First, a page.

What is the external conflict of "the bird book" in the short story, "The Scarlet Ibis"?

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bullgatortail's profile pic

bullgatortail | High School Teacher | (Level 1) Distinguished Educator

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    In the James Hurst short story, "The Scarlet Ibis," Doodle and his family discover the identity and the ultimate migratory limits of the "great big red bird" that has died in their yard from a book about birds that the family has on hand.

... we stood around it, awed by its exotic beauty.
    "It's dead," Mama said.
    "What is it?" Doodle repeated.
    "Go bring me the big bird book," said Daddy. 

The book identifies it as a scarlet ibis and it's range of migration--"from South America to Florida. A storm must have brought it here." (Although not specifically identified, the setting of the story is probably coastal North Carolina, where author James Hurst grew up.) As an external conflict device, the book simply serves as proof as to why the bird has appeared and then fallen from the tree. It also explains why none of the family has seen one before and perhaps magnifies Aunt Nicey's prediction that "Dead birds is bad luck... 'specially red, dead birds!" In any case, Doodle has discovered a sad kinship with the bird that should never have made it so far north.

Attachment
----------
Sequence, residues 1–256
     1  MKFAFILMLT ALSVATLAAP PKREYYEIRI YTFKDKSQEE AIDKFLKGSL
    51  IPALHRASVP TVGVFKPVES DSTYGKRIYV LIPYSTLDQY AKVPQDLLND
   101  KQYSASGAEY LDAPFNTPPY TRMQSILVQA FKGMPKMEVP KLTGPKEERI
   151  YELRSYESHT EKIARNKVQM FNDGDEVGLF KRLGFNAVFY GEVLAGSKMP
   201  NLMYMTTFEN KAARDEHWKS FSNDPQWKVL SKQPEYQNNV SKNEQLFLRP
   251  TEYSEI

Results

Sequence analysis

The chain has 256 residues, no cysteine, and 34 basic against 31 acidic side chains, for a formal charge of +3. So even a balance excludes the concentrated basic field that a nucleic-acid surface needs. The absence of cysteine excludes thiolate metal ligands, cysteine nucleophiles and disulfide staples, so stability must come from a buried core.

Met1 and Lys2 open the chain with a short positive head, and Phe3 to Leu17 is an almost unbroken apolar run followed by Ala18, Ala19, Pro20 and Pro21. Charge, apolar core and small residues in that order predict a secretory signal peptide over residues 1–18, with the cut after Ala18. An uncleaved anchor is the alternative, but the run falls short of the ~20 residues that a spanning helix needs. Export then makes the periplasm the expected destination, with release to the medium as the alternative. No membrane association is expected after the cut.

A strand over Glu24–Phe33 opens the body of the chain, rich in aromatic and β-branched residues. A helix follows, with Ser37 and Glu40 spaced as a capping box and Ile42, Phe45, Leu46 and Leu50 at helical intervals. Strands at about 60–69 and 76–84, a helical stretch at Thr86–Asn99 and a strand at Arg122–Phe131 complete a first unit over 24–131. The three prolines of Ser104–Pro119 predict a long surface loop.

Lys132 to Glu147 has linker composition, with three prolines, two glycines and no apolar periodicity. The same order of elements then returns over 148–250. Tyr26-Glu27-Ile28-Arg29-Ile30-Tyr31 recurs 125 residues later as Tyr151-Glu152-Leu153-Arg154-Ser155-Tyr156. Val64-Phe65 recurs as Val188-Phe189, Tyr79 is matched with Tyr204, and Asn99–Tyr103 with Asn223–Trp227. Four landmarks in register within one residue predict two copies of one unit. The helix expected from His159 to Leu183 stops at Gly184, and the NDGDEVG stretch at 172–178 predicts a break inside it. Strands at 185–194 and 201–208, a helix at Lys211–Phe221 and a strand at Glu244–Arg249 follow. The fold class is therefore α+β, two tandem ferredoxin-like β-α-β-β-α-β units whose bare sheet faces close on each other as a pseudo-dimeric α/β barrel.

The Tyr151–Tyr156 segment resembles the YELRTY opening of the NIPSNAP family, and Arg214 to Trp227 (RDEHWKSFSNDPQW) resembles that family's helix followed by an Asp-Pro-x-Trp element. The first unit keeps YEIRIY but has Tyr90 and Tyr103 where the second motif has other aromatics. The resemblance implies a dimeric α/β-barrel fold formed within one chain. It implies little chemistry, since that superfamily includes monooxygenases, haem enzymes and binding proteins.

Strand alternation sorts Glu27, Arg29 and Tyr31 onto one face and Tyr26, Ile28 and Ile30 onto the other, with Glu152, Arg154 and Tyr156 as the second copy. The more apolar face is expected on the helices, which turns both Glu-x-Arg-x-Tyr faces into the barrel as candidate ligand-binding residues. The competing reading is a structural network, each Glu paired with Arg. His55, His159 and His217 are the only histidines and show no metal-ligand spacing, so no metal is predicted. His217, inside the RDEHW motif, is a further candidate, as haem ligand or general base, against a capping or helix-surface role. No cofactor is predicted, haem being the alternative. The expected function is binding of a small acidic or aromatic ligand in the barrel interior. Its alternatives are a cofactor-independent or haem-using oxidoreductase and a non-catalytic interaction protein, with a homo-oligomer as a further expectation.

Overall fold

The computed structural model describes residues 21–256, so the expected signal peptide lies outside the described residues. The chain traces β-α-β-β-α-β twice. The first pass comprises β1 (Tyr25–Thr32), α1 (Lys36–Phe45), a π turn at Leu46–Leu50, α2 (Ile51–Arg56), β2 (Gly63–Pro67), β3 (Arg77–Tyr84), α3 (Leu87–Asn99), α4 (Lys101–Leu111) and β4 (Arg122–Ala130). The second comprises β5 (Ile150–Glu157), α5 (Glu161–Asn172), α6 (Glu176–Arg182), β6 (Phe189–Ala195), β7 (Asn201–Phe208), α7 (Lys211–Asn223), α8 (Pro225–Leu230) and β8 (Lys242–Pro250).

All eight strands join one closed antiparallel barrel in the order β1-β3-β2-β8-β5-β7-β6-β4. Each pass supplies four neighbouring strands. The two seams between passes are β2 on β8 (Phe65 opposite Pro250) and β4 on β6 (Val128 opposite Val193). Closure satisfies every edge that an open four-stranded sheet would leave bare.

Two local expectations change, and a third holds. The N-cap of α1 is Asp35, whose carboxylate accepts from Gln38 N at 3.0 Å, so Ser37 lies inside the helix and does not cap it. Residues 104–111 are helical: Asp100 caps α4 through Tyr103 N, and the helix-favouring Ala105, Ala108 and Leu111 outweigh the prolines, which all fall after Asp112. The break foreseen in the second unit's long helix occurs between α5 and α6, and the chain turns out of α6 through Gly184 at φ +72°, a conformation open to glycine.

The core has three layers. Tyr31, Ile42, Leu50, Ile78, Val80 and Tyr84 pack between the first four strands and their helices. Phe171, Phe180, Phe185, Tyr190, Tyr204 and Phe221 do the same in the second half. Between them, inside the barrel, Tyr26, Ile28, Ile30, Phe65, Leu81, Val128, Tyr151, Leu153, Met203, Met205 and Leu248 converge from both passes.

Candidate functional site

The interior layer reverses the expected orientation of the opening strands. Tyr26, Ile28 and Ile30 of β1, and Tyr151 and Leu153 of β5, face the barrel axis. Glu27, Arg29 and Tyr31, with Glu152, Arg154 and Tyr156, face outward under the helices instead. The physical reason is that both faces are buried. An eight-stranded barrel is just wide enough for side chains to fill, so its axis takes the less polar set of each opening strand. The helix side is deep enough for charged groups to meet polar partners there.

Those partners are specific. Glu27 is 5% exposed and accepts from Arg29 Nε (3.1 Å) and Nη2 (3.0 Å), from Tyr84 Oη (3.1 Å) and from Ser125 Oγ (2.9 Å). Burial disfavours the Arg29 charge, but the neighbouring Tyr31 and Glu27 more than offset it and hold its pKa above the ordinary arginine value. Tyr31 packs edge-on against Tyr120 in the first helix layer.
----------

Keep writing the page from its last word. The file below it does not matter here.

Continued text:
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amada | Student, Grade 9 | eNotes Newbie

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The external conflict in this story is that doodle is weak and cant do many things. so since his brother is ashamed of him he makes doodle work extra hard untill he cant do anything any more and dies.

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